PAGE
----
Jeffers is another favorite illustrator (check out The Incredible Book Eating Boy), and here he’s a perfect fit for Daywalt’s story about crayons. It seems Duncan’s crayons all have their own grievances: Beige is tired of being called “dark tan” and relegated to coloring wheat. Gray is exhausted from coloring really big animals and suggests mice and pebbles instead. Orange and Yellow bicker over which one is the real color of the sun, and Black wants to do more than just outlines. Each page of The Day the Crayons Quit includes a letter from one of the crayons and a crayon-y rendering of their complaints.
6. The Ghastly Dandies Do the Classics – by Ben Gibson
The Ghastly Dandies are a strange sort of beast that reminds me of Allie Brosh’s alot, though with antlers instead of horns. Here, they re-enact various classic books—like The Great Gatsby, Pride and Prejudice, and Moby Dick—in double-quick time. Each classic only takes a few pages, but they’re pretty funny. I can’t say that it will necessarily teach your kiddos to appreciate the source material, but The Ghastly Dandies Do the Classics is “alot” of fun.
7. Standing in for Lincoln Green – by David Mackintosh
Lincoln Green has a neat trick: he has a double who lives in his mirror, and when there’s something that he just doesn’t want to do right away, his double comes out and takes care of it for him. After all, Lincoln Green has swimming to do and radio shows to listen to; he can’t always be bothered to water the plants and mow the lawn. But, like Calvin’s duplicates, eventually the double realizes that he wants to have some fun, too. Mackintosh’s artwork has an old-timey feel to it, and fortunately Lincoln Green learns his lesson before things get too out of hand.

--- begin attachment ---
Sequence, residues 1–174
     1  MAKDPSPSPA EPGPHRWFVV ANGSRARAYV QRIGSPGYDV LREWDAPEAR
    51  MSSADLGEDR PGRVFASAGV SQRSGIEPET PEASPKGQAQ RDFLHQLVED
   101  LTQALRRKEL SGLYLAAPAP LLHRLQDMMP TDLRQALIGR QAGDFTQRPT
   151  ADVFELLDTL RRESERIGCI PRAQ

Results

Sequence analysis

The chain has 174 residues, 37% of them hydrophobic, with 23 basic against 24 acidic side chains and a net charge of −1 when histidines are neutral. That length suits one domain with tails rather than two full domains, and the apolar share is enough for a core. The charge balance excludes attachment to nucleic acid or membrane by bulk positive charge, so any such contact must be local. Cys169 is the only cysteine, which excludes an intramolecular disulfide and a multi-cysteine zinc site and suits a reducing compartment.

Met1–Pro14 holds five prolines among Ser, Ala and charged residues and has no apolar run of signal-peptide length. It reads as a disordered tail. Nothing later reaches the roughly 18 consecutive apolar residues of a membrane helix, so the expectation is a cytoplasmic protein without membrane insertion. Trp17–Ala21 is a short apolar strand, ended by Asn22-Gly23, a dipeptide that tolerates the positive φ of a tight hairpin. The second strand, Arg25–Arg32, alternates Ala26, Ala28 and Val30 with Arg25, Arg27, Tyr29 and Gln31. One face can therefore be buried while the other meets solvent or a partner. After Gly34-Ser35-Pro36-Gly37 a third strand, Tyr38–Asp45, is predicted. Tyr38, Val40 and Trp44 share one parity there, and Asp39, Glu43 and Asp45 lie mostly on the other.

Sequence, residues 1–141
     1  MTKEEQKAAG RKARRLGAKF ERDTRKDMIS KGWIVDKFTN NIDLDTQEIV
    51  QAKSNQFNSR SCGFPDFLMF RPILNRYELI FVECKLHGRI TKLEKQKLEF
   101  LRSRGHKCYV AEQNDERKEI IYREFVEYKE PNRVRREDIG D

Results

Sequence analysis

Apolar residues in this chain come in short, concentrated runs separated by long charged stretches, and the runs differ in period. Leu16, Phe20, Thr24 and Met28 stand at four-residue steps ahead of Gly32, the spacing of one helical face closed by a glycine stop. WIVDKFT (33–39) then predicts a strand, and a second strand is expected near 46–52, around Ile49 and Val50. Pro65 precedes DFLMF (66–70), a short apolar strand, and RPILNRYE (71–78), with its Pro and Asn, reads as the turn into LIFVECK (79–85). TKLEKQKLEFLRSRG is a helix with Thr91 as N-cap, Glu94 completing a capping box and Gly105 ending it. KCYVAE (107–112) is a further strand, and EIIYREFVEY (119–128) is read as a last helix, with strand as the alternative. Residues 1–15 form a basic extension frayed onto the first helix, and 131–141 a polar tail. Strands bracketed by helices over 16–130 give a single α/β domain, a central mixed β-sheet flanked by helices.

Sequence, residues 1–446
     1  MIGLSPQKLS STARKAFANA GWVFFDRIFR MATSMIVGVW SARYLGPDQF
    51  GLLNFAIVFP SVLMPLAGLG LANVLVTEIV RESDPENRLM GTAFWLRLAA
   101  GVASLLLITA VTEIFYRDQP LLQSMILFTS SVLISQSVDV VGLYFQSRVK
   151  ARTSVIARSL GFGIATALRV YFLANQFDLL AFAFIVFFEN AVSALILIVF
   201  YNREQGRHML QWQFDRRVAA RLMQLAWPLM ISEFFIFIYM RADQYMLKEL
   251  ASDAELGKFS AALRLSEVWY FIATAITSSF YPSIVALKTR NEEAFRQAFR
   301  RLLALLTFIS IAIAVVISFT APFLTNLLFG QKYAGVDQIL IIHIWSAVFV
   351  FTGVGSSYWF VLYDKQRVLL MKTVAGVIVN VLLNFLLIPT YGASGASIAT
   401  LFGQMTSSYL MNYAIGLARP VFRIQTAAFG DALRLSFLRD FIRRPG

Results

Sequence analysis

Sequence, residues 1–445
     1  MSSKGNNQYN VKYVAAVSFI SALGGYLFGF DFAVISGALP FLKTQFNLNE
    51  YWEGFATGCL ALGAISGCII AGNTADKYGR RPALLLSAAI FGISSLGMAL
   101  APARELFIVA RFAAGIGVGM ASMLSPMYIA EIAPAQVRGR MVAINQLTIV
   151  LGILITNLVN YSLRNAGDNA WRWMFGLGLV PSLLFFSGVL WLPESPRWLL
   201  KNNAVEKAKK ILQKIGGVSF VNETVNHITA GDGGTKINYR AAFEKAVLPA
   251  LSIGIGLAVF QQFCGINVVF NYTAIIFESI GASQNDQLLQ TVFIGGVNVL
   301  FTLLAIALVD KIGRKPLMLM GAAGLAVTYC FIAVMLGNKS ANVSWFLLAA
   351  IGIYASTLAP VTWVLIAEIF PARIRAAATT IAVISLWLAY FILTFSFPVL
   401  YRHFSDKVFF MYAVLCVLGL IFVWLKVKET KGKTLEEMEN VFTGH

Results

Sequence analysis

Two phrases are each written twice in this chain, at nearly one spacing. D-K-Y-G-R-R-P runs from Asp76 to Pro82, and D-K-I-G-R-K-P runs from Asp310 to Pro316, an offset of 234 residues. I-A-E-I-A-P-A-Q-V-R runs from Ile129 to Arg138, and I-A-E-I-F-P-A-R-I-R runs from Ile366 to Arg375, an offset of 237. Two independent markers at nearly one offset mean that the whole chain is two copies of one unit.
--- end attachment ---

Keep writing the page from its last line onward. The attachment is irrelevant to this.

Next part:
8. Moonday – by Adam Rex
You know when you were a kid and you thought the moon was following you as you rode along in the car? What if it actually followed you home? Moonday plays with that idea, and Rex’s images of a big glowing moon in the backyard are delightful. But, of course, having the moon in your backyard can wreak a little havoc, too.
9. Stardines Swim High Across the Sky and Other Poems – written by Jack Prelutsky, illustrated by Carin Berger
Prelutsky is known for his silly poems about mash-up animals, and Stardines is his latest creation. From the poor, sticky Gloose to the annoying Tattlesnake to the slovenly Slobster, this collection of misfit creatures is witty and amusing. Berger’s photo montage illustrations are a fun fit as well. (I’m also a big fan of Prelutsky’s Scranimals, illustrated by Peter Sis.)
10. Unicorn Thinks He’s Pretty Great – by Bob Shea
Goat is pretty irked. Ever since Unicorn moved into town, all of Goat’s tricks fall flat. Goat rides a bike; Unicorn flies. Goat makes marshmallow squares; Unicorn makes it rain cupcakes. Like Goat says, Unicorn Thinks He’s Pretty Great. But, as it turns out, there are things about Goat that Unicorn envies, too. A fun little book that shows how the grass is always greener on the other side of the fence (or the rainbow).
Disclosure: GeekDad received review copies of all these titles except Battle Bunny.